• 5 out of 55 out of 55 out of 55 out of 55 out of 5 Betty | 1/19/2014

    " Global warming is not exactly a topic you would choose to read a novel about- but Barbara Kingsolver has written with sympathy and understanding of the human side of it all, whilst at the same time not shying away from the serious issues. I thoroughly enjoyed reading this novel. "

  • 3 out of 53 out of 53 out of 53 out of 53 out of 5 Sma | 1/19/2014

    " I liked it well enough, but I couldn't completely buy some of the narrator's choices (or statements) at times. I had high hopes for the book (I've always been fascinated by the migration of the monarchs and I do like Kingsolver's work), but it was just OK. "

  • 4 out of 54 out of 54 out of 54 out of 54 out of 5 Kevin Greaves | 1/14/2014

    " Great story and wonderful characters. "

  • 3 out of 53 out of 53 out of 53 out of 53 out of 5 JB | 1/5/2014

    " So I usually like Barbara Kingsolver and I was ready to love this book and I liked it. Liked it enough to finish it, but didn't love it. "

  • 4 out of 54 out of 54 out of 54 out of 54 out of 5 blmagm | 11/1/2013

    " Full of despair, full of hope; heartache and heartease. Kingsolver tells a story well. "

  • 2 out of 52 out of 52 out of 52 out of 52 out of 5 Erinisfantastic | 10/31/2013

    " This is not Barbara Kingsolver's best book. The heroine isn't immediately (or eventually) likable and the setting is bleak and dreary. I didn't find the ending very satisfying either. That said, it's an easy read and wasn't painful to get through! "

  • 3 out of 53 out of 53 out of 53 out of 53 out of 5 Kathy | 10/29/2013

    " Pretty good. Lots of climate change preaching - but interesting "

  • 4 out of 54 out of 54 out of 54 out of 54 out of 5 Terri | 9/20/2013

    " The themes in this book span through poverty and classicism, religion and science, marriage and heartbreak, and global warming. It is beautiful and difficult and worth reading. "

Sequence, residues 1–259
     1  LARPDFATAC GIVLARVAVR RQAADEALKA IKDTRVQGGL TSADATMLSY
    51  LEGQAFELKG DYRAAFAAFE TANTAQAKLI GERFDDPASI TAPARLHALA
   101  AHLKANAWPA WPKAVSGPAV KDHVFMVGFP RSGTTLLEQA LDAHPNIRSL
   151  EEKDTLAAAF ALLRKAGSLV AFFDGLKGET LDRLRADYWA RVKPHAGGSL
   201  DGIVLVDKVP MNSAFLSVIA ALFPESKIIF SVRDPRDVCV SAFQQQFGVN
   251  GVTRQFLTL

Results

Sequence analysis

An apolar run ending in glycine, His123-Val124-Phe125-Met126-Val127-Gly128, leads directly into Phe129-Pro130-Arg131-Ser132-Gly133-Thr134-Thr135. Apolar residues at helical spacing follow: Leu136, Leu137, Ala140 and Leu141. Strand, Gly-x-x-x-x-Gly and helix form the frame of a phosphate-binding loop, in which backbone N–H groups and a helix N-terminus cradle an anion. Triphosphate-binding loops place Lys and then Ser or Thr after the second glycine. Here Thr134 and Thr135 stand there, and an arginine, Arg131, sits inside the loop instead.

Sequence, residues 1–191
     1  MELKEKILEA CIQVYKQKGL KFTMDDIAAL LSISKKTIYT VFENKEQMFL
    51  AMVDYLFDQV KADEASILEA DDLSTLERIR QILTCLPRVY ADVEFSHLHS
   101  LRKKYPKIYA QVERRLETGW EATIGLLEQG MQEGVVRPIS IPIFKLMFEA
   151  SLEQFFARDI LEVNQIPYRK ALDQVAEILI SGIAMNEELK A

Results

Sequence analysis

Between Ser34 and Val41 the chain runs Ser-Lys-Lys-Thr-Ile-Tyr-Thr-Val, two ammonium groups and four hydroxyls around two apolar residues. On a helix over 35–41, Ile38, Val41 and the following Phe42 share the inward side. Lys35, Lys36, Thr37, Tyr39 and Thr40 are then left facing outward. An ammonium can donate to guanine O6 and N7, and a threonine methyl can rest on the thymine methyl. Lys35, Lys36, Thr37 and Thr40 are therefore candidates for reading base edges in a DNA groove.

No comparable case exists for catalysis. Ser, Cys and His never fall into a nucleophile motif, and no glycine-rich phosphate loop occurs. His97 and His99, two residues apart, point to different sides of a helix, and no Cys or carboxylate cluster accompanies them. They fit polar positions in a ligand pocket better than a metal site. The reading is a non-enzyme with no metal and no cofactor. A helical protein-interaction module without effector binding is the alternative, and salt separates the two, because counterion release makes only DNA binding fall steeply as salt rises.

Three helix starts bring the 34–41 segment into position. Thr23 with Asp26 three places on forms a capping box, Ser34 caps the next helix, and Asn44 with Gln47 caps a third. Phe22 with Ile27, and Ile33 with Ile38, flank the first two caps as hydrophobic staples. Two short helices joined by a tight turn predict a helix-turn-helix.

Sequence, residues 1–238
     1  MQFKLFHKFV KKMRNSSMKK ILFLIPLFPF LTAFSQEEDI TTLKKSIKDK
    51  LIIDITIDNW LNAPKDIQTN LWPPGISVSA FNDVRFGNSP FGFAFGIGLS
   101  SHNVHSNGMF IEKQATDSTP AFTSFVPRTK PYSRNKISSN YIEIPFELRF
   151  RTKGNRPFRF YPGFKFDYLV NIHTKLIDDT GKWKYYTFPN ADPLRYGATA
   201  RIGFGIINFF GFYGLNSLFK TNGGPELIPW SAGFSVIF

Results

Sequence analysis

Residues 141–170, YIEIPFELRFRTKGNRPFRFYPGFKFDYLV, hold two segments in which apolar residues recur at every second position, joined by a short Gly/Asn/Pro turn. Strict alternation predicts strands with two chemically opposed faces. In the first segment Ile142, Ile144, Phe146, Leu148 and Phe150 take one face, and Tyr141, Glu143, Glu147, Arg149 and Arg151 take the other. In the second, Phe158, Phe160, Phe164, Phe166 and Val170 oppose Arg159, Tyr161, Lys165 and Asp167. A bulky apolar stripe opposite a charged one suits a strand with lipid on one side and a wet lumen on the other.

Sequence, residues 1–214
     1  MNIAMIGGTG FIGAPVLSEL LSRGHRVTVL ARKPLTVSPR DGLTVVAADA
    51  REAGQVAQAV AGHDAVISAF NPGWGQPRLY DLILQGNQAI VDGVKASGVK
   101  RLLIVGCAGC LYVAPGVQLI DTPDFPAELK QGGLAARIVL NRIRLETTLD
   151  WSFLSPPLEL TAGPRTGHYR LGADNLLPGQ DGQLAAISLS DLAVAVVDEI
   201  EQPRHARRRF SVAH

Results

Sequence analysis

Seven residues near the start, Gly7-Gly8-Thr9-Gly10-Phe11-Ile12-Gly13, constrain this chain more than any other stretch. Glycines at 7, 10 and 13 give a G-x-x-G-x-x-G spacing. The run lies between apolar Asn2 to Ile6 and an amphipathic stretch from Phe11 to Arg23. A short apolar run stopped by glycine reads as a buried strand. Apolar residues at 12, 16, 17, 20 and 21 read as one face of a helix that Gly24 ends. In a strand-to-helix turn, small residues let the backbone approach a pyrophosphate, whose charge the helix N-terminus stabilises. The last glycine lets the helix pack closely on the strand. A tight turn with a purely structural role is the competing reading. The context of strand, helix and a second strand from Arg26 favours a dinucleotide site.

• 4 out of 54 out of 54 out of 54 out of 54 out of 5 Jennifer Stoll | 9/9/2013

    " I've been waiting awhile for a new novel from Barbara Kingsolver so I was thrilled to find this one. Love how she has so much going on in this book. She brings up a lot of good points regarding climate change and society's attitudes toward complex scientific theories and facts. "

  • 5 out of 55 out of 55 out of 55 out of 55 out of 5 Hilary | 8/23/2013

    " Wonderful! Dellarobia is an engaging, endearing character. Love her frank and often humorous look at life. "

  • 4 out of 54 out of 54 out of 54 out of 54 out of 5 Margherita | 8/9/2013

    " Typical Barbara Kinsolver: cerebral, scientific and full of real-world angst. "

  • 3 out of 53 out of 53 out of 53 out of 53 out of 5 Jodi Hertzler | 6/7/2013

    " Such a good writer, but the tend towards preachiness lately just gets old. And the story is slow and . . . dare I admit it? I got bored. Almost didn't finish. Liked the character development and the beautiful descriptions, but it just wasn't my favorite. "

  • 5 out of 55 out of 55 out of 55 out of 55 out of 5 Amanda Ryan-smith | 5/5/2013

    " Loved it! Kingsolver never disappoints! "

  • 4 out of 54 out of 54 out of 54 out of 54 out of 5 Su Sawyer | 4/16/2013

    " Covers many important topics of the day from many angles woven into a riveting story beautifully told. "

  • 4 out of 54 out of 54 out of 54 out of 54 out of 5 V. | 3/15/2013

    " As a Barbara Kingsolver fan, I have no complaints. The book was wonderful. She does tend to use a similar character in many of her books: strong, intelligent female who is out of sync with her cohort (way smarter, way more astute). But I'm ok with that. Great book, great themes. "

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About the Author
Author Barbara Kingsolver

Barbara Kingsolver’s books of fiction, poetry, and creative nonfiction include the novels The Bean Trees and The Poisonwood Bible. Translated into nineteen languages, her work has won a devoted worldwide readership and many awards, including the National Humanities Medal.